We will first discuss the extension of J. Bourgain's double recurrence theorem to the Wiener-Wintner averages, and a further extension to the polynomial case. Secondly, we will discuss that this extension of the double recurrence theorem can be used to obtain a new good universal weight for nonconventional ergodic averages. This is a joint work with I. Assani, and partly with D. Duncan.

Anima Nagar
Strongly Transitive Systems


One of the oldest concepts in the study of dynamical systems has been `transitivity'. Its stronger forms -- minimality, mixing, weak mixing -- have also been well studied. In this talk, we look into yet another stronger form which we call Strongly transitive'. These are systems (X,f) for which the backward orbit, {y: f^n(y) = x, for some  positive integer n},  is dense in X, for all x in X. We study  properties of such systems and discuss some questions arising from this study that are still unanswered.

This talk is based on joint works with Akin, Auslander and Kannan.

Volodia Nekrashevych
Palindromic subshifts and simple groups of intermediate growth


We will show how any non-free minimal action of the infinite dihedral group on the Cantor set can be used to construct infinite finitely generated periodic groups. Actions of low complexity (linearly repetitive) produce groups of intermediate growth. In particular, one can construct simple groups of intermediate growth, existence of which was a long standing open question.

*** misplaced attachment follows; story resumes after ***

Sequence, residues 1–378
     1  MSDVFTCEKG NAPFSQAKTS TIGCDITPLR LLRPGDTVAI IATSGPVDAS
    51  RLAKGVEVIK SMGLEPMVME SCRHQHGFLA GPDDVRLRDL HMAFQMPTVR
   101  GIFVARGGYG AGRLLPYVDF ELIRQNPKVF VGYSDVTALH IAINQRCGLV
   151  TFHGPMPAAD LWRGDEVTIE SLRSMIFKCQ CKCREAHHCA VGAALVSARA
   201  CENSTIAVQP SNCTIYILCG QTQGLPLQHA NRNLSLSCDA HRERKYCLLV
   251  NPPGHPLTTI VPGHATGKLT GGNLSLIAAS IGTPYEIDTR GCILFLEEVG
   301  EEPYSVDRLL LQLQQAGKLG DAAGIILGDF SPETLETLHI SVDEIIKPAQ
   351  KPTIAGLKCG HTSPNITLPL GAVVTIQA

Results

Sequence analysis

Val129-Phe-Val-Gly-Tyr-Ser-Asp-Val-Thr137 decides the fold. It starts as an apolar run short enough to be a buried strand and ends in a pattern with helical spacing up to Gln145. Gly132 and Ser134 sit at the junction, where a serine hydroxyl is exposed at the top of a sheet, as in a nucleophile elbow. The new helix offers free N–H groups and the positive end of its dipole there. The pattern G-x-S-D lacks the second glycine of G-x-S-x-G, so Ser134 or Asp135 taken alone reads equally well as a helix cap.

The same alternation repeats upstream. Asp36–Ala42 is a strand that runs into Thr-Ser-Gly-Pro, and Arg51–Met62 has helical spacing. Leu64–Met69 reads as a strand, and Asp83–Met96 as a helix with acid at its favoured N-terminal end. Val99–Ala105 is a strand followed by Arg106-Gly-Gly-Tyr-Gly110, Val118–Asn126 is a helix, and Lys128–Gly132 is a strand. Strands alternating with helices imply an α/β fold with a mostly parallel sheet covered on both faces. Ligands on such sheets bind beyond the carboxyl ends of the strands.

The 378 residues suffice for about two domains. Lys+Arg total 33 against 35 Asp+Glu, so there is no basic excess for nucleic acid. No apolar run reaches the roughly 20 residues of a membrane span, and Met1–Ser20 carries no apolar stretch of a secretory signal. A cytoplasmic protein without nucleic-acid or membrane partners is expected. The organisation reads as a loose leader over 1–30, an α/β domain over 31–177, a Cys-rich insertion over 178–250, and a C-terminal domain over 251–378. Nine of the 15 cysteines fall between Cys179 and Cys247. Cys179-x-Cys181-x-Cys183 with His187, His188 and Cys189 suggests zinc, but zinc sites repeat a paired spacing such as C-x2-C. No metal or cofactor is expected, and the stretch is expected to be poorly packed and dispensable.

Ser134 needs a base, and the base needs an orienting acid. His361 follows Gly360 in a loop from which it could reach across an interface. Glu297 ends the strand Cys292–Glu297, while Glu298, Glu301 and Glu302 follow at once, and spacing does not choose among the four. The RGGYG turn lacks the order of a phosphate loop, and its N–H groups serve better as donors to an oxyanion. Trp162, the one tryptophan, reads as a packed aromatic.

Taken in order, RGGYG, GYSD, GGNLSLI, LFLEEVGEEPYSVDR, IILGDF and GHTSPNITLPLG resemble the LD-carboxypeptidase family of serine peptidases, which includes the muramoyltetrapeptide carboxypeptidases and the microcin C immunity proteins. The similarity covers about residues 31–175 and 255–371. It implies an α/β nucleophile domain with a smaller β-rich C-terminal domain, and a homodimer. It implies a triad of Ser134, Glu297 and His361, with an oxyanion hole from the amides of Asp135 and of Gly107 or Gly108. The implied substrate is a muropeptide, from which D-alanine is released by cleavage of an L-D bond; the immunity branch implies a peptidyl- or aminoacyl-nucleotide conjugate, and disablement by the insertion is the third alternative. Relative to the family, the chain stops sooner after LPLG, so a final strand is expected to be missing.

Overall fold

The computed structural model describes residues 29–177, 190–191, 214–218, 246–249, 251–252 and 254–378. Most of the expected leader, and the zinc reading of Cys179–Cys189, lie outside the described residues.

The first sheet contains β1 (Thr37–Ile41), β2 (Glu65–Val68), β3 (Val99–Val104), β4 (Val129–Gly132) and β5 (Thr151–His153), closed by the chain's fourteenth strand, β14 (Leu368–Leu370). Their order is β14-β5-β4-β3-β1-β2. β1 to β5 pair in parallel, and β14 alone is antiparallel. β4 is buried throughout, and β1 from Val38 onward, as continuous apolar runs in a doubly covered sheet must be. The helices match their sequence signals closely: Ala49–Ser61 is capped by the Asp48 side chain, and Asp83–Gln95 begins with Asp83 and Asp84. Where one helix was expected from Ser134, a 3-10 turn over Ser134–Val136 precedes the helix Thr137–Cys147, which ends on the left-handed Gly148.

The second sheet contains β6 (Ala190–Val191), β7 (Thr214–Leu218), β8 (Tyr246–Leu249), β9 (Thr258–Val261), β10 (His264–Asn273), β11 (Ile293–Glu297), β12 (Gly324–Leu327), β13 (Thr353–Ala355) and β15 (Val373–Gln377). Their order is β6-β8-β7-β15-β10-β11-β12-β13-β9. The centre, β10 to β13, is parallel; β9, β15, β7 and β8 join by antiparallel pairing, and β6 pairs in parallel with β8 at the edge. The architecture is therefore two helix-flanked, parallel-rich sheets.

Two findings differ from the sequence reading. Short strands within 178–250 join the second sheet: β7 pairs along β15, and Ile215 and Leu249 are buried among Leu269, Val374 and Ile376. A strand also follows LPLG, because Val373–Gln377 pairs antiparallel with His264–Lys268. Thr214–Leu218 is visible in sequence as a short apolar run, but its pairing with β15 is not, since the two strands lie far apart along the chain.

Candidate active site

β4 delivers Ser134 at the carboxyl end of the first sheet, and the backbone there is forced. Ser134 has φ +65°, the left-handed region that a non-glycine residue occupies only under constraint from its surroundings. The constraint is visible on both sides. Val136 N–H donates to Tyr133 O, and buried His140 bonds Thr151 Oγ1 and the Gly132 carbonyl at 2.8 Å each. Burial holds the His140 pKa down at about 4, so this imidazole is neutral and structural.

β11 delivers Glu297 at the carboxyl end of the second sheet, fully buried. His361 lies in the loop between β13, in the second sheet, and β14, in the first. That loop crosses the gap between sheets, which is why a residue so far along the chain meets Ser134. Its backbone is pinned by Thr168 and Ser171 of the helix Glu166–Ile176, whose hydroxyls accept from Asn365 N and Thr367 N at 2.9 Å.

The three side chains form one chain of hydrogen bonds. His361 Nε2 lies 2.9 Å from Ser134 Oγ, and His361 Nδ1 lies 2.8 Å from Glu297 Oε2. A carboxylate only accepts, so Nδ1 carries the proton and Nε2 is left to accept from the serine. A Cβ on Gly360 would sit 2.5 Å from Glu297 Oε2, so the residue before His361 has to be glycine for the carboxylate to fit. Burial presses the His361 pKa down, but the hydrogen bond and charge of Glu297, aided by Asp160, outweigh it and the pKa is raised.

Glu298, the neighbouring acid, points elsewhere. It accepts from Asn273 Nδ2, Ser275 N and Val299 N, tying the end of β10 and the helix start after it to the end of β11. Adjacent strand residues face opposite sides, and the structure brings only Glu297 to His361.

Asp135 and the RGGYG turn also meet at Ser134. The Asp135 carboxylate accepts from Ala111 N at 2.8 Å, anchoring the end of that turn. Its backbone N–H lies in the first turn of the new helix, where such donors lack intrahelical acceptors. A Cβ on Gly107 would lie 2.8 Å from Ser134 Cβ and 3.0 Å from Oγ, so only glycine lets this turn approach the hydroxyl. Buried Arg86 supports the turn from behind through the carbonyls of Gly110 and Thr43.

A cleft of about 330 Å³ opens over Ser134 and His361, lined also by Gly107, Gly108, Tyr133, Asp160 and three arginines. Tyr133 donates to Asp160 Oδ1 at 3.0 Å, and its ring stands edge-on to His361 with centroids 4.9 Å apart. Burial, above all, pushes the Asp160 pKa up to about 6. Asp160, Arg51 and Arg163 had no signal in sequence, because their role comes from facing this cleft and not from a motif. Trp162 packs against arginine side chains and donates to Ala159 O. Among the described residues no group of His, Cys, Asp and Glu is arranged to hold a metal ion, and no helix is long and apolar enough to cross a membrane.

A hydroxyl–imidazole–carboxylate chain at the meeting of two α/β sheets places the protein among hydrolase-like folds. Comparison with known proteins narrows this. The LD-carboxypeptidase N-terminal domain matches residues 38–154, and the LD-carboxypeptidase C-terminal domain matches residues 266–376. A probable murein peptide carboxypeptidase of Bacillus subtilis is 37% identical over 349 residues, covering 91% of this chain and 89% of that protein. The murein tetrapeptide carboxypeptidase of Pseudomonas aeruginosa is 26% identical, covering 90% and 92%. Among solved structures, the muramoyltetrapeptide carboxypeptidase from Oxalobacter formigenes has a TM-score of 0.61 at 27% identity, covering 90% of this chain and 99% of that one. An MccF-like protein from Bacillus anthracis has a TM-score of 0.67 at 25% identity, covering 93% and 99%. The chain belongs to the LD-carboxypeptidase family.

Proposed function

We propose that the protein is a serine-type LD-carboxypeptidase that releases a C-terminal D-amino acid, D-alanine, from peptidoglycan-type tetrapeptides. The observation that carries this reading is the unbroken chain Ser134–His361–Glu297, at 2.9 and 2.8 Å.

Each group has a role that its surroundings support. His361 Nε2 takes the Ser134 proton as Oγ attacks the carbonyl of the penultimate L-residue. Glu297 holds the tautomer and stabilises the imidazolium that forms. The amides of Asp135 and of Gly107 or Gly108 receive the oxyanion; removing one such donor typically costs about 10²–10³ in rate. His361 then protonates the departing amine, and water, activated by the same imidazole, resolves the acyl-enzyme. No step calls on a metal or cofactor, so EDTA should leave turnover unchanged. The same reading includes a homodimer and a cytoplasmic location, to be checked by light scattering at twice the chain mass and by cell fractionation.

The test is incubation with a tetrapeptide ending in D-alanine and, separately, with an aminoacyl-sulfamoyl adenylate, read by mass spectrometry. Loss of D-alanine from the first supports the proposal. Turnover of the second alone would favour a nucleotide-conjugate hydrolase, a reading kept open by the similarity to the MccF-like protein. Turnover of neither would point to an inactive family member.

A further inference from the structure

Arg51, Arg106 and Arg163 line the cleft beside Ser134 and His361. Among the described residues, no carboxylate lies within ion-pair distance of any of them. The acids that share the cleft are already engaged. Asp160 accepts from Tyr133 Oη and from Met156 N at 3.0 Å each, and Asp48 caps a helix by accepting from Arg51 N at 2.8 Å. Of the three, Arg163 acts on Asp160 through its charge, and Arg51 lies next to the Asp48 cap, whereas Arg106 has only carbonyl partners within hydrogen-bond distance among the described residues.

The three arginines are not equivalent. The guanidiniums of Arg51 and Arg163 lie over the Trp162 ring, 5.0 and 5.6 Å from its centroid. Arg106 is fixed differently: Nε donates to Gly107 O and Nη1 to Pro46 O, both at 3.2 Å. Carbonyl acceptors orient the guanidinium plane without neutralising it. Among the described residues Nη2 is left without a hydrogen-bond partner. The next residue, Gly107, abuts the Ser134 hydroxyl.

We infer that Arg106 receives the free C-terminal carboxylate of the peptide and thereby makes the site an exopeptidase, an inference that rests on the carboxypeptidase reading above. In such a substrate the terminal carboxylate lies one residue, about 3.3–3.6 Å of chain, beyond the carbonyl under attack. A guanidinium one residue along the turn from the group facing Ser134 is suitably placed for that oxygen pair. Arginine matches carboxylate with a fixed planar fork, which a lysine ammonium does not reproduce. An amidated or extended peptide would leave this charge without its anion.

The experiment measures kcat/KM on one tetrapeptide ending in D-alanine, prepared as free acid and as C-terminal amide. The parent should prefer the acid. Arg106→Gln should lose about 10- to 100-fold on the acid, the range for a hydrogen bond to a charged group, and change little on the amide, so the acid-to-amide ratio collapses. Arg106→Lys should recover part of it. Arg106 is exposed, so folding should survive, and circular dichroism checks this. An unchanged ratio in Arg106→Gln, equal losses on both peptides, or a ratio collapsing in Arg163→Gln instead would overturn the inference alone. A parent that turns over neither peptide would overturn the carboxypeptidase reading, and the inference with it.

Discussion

Ronnie Pavlov
One-sided almost specification and intrinsic ergodicity for subshifts


The specification property has been fundamental in the study of topological  dynamical systems since its introduction by Bowen, and in particular is known to imply intrinsic ergodicity, i.e. uniqueness of the measure of maximal entropy.

For subshifts, almost specification is a weakening of specification which allows for concatenation of arbitrary words in the language if a small  number of letters are changed in each, parametrized by a mistake function  g(n) = o(n). It was recently shown that even almost specification for the constant function g(n) = 4 does not imply intrinsic ergodicity.